Why did you want to write about the French Revolution?
The contradictions in it intrigued me. The Revolution started out so full of optimism and hope, but ended in the most appalling violence and bloodshed. The irony was that the price of the freedom the revolutionaries sought resulted in the very opposite: vigilance and persecution by the revolutionary police. But so much was achieved, too, in a relatively short time. Through vast political upheavals, the French Revolution forged the beginning of the modern world and the rights of the individual. The role of women interested me, as well. There were passionate, articulate women from all classes who managed to be extremely influential.
Why did you decide to write about an aristocrat, Eugenie de Boncoeur, who is the daughter of a Marquis, rather than an ordinary person?
There are so many stories that could be written about the French Revolution, and each one would be different, depending on the point of view of the protagonist. I’m interested in ‘riches to rags’ stories and how people cope in utterly changed circumstances. As a child I loved Frances Hodgson Burnett’s A Little Princess, in which the rich young heroine becomes a pauper and outcast, and has to live in the attic above her boarding school. Eugenie has to face extreme danger as well. It’s not the only thing that The Pale Assassin is about, but I think it was what fuelled my initial thoughts about the story.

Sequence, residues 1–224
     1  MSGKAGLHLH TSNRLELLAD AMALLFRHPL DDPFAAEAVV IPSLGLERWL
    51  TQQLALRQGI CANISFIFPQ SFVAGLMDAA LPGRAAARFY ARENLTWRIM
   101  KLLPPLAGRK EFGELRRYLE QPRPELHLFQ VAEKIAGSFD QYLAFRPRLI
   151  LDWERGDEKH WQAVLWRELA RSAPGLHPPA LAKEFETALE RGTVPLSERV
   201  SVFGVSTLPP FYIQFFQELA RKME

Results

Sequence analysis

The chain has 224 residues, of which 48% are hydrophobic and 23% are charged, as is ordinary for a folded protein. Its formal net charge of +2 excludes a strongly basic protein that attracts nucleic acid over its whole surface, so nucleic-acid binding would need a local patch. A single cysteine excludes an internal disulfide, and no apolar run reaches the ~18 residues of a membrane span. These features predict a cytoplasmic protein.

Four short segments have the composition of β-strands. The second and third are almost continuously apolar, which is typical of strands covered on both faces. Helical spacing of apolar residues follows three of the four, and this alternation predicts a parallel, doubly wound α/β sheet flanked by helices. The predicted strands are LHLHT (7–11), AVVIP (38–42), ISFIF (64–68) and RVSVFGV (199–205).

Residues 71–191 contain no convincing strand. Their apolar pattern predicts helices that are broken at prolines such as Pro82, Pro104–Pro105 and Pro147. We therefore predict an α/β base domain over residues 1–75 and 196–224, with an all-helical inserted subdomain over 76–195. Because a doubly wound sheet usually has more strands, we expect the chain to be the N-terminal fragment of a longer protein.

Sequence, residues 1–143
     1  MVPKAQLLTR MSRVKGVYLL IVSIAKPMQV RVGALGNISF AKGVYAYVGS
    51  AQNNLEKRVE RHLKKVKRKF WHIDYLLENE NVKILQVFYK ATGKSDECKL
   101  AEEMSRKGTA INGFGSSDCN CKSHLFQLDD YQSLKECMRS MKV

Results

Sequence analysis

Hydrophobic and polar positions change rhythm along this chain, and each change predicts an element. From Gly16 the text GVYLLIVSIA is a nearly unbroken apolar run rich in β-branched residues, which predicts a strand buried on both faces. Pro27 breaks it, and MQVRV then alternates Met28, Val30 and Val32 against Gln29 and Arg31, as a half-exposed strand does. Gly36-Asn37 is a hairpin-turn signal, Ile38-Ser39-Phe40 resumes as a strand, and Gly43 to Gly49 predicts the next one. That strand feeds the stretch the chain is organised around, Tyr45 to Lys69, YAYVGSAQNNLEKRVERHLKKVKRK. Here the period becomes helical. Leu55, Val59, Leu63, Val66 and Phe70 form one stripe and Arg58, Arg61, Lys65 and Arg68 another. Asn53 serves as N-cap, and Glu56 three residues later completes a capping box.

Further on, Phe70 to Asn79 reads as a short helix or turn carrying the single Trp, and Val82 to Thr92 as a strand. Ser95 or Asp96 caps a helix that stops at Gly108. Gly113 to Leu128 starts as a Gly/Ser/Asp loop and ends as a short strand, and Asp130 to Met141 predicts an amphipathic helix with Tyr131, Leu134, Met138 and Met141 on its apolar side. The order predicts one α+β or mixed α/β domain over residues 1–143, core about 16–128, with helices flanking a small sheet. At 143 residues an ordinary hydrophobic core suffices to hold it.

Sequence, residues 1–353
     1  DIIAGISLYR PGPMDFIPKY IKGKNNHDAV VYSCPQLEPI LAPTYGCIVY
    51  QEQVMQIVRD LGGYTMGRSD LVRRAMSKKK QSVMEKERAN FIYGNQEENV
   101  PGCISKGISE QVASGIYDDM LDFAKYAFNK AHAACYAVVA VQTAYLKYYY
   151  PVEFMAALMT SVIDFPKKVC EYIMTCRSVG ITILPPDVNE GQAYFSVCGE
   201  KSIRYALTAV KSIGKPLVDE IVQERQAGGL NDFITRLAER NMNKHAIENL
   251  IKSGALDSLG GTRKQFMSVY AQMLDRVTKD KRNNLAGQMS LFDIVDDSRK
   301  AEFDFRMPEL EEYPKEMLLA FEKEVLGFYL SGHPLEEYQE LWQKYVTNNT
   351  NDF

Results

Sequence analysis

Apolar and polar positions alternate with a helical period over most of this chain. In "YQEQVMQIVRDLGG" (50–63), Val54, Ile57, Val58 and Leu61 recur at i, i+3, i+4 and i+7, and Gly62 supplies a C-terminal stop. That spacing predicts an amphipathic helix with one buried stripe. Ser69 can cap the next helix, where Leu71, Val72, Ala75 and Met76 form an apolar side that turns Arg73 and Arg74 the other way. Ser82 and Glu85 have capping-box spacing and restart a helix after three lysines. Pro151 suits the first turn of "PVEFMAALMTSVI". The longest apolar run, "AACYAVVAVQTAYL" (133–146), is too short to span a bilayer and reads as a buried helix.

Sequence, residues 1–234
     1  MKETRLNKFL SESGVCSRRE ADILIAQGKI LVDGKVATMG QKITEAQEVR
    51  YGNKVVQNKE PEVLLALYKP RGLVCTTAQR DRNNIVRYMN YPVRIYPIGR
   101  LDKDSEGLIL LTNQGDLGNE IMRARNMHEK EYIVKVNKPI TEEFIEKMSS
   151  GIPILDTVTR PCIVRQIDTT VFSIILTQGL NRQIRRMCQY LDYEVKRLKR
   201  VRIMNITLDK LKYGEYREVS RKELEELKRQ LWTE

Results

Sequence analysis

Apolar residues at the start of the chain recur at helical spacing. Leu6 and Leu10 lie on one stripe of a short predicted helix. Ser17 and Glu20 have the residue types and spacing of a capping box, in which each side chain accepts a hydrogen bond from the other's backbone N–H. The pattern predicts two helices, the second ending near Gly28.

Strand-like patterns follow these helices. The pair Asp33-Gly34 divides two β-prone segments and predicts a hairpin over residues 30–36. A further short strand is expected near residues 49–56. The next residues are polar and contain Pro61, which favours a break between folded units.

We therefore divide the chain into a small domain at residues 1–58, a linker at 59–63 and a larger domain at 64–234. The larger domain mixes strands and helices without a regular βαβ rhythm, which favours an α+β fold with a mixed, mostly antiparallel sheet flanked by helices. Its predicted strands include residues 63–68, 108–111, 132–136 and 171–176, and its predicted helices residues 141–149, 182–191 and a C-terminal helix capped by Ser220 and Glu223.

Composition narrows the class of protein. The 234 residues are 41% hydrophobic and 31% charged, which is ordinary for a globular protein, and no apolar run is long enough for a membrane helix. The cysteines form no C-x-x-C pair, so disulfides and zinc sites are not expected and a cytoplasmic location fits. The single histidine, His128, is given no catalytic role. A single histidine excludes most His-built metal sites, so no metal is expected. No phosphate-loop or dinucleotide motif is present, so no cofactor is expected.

The Scarlet Pimpernel by Baroness Orczy is a famous novel, first published in 1908, but still in print. It has been filmed and televised many times. ‘The Scarlet Pimpernel’ was a sort of early Superman, and like Clark Kent, had two different personalities: the languid English aristocrat, Sir Percy Blakeney, was secretly a daring adventurer who disguised himself to save those condemned to be guillotined during the French Revolution.
My ‘Pimpernelles’ are a tribute to the essence of The Scarlet Pimpernel, though the books are not only about rescues, and the two girls are rather different from Sir Percy! In The Pale Assassin, Eugénie is not particularly brave or daring – certainly at first – and the fact that she rescues anyone is more by accident than design; but she is quick-witted and resourceful.
She will also do anything to rescue her beloved brother, as you will see in the sequel, The Traitor’s Smile. In this story she meets her English cousin, Hetta. Hetta is headstrong and impetuous. She believes passionately in the principles of freedom and equality for all men and women, but has little idea of the dark undercurrents of the Revolution and the turmoil and bloodshed they have caused – until she finds herself stranded in France, suspected of being a spy.
Why did you decide to make The Traitor’s Smile a sequel? I hoped there was going to be a third story in the ‘Pimpernelles’ series!
I’m really sorry if you were disappointed. It just turned out that way. As I was writing The Traitor’s Smile, Eugenie and Hetta’s story seemed naturally to end at the end of that novel. The final chapter is set in the winter of 1793, and the Terror itself only lasted until July the following year -although France was in a state of turmoil for some time to come. I’ve loved writing about the French Revolution, though, and perhaps I’ll return to it one day!